JANUARY 31: Ohio Governor Mike DeWine gives the State of the State Address, January 31, 2023, in the House Chamber at the Statehouse in Columbus, Ohio. (Photo by Graham Stokes for Ohio Capital Journal. Republish photo only with original story.)

BY:  Ohio Capital Journal

Republican Ohio Gov. Mike DeWine has vetoed legislation that would have prohibited transgender youth from accessing gender-affirming care. His veto shoots down the controversial bill, which would also stop middle and high school trans students from participating in athletics with cisgender peers.

He announced the decision in a press conference Friday morning, the last day that he was allowed to veto it.

DeWine said he listened to the bill’s sponsor and also listened to physicians at the five children’s hospitals in Ohio. He said he listened to families of youth, some who had negative experiences and detransitioned, as well as those who said gender-affirming treatment saved their child’s life.

“They told me their child is alive only because they received care,” he said, adding that he thinks people on both sides truly believe they are trying to protect youth.

While the law would impact only a very small number of children, the consequences of the bill would be profound, DeWine said.

“Ultimately, I believe this is about protecting human life,” he said. Both parents of trans kids and adults who received care told him that the care saved their lives.

“These are gut-wrenching decisions that should be made my parents and should be informed by teams of doctors who are advising them. These are parents who have watched their children suffer for years, and have real concerns their children would not survive without it… Families are basing their decisions on the best medical advice they can get.”

While he vetoed the bill, DeWine said he would pursue administrative rules to help address several concerns, including the banning of gender-affirming surgery on minors (which currently is not practiced in Ohio). He also is looking at administrative rules to collect data, and to combat clinics that might pop up to try to perform ideologically-driven care, which he said was a concern from both sides of the issue.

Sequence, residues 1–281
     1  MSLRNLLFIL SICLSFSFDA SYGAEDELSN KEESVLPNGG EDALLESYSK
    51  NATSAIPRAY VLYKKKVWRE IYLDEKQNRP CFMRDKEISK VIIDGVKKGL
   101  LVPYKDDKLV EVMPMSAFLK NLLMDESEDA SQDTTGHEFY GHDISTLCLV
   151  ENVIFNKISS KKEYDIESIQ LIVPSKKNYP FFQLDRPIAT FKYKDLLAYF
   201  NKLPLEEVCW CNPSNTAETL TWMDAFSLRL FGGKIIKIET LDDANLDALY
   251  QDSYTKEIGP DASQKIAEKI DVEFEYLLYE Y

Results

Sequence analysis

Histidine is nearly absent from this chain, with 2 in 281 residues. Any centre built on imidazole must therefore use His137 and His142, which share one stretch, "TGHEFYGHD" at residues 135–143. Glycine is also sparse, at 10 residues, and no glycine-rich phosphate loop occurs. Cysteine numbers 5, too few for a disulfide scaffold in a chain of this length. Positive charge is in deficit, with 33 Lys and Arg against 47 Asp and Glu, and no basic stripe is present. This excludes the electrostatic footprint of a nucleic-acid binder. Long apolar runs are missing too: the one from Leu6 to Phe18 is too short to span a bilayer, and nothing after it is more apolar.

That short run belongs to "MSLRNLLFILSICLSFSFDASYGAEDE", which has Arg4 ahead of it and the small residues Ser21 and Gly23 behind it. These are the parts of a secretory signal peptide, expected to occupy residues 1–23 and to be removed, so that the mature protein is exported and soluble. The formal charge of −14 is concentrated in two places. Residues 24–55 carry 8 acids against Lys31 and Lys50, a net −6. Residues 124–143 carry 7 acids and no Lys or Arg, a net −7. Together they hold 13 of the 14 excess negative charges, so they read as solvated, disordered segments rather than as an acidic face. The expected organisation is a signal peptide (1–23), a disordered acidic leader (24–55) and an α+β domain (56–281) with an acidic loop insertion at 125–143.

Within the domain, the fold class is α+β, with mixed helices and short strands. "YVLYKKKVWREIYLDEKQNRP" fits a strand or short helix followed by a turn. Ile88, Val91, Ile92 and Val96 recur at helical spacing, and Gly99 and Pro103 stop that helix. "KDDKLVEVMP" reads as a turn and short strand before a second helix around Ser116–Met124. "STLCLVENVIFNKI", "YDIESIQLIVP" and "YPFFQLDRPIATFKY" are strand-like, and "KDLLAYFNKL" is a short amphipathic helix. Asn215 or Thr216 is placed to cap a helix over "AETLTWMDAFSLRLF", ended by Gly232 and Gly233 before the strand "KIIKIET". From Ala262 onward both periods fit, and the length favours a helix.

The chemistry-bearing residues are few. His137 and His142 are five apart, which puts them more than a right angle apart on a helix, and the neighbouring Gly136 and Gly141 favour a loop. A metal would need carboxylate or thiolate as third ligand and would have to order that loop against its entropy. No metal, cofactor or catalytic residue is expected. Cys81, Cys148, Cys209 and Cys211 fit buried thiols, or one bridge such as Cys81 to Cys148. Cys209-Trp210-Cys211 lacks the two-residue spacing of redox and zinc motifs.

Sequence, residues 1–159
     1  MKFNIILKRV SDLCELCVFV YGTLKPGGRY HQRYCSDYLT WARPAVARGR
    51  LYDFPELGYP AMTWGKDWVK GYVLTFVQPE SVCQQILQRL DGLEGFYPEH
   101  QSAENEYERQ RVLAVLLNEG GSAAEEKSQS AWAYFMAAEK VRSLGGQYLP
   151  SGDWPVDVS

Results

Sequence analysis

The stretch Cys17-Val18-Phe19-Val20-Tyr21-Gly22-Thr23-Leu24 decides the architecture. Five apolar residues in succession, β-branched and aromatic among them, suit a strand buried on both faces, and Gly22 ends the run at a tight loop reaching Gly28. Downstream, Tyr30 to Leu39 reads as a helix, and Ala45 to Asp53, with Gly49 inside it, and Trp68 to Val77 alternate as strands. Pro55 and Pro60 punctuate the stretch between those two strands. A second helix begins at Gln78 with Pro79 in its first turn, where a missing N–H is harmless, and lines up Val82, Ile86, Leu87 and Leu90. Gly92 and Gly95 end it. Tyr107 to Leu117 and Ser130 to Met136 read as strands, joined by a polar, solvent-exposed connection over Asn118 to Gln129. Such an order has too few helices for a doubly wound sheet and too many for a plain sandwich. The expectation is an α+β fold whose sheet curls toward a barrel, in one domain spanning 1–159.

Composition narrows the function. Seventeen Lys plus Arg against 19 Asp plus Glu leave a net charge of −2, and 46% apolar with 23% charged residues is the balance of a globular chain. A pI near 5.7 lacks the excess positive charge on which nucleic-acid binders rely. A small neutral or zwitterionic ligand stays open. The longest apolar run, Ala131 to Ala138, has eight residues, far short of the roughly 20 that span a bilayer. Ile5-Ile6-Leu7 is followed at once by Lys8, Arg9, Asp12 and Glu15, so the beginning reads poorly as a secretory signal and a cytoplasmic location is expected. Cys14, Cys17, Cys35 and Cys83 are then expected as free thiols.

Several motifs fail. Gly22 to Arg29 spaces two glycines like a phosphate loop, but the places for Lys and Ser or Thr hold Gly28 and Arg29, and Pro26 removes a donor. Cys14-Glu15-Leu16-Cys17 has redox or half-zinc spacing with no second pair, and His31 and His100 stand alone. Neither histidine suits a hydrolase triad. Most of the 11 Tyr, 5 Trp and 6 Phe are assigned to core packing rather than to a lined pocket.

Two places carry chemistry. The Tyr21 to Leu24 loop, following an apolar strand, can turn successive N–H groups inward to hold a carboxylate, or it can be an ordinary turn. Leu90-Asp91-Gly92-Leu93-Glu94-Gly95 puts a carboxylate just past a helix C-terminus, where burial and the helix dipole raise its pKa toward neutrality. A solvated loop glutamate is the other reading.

What happens now?

Trans youth, LGBTQ+ rights advocates and doctors are rejoicing at the decision.

However, the lawmakers against the bill have another option to take away rights for trans children: The House and the Senate can override the governor on his veto. There may be an effort to do this, but it is possible it doesn’t have enough votes, according to one Republican lawmaker who originally voted in favor of the bill.

A three-fifths vote of the members of the House and Senate is necessary to override the governor’s veto — meaning 60 representatives and 20 senators. The bill passed forward with 64 representatives originally (62 after amendments) and 24 senators. Only three Republicans have publicly been against the bill. When it was passing the House, Republican state Reps. Jamie Callender and Brett Hillyer voted against it. In the Senate, state Sen. Nathan Manning voted against it. All the GOP no votes came from Northeast Ohio lawmakers.

In a one-on-one interview with Statehouse reporter Morgan Trau just a week before his decision, DeWine explained the research he was doing into H.B. 68.

Morgan Trau: “Are you going to sign [H.B. 68]?”

Governor DeWine: “Well, this is something that I’m really thinking a lot about… So I went to children’s hospital here in Columbus; I went to the children’s hospital in Akron and children’s hospital in Cincinnati — just to see how they do it, what kind of care they give to these young people. But I’ve also talked to opponents who don’t think that kind of care is appropriate… I’ve also talked to families who have told me that care is just vitally important and save their child’s life. So I’m trying to weigh all this and trying to get as much information together.”

Morgan Trau: “You’ve always been somebody to care about children, but also parental rights. How would you reckon with signing this?”

Governor DeWine: “I really don’t want to get too deeply into this… We’ve got to get this — I have to get this right… There’s a lot of testimony in the Statehouse that you covered and I want to look at that testimony — both pro and con.”

Morgan Trau

Morgan Trau is a political reporter and multimedia journalist based out of the WEWS Columbus Bureau. A graduate of Syracuse University’s S.I. Newhouse School of Public Communications, Trau has previously worked as an investigative, political and fact-checking reporter in Grand Rapids, Mich. at WZZM-TV; a reporter and MMJ in Spokane, Wash. at KREM-TV and has interned at 60 Minutes and worked for CBS Interactive and PBS NewsHour.


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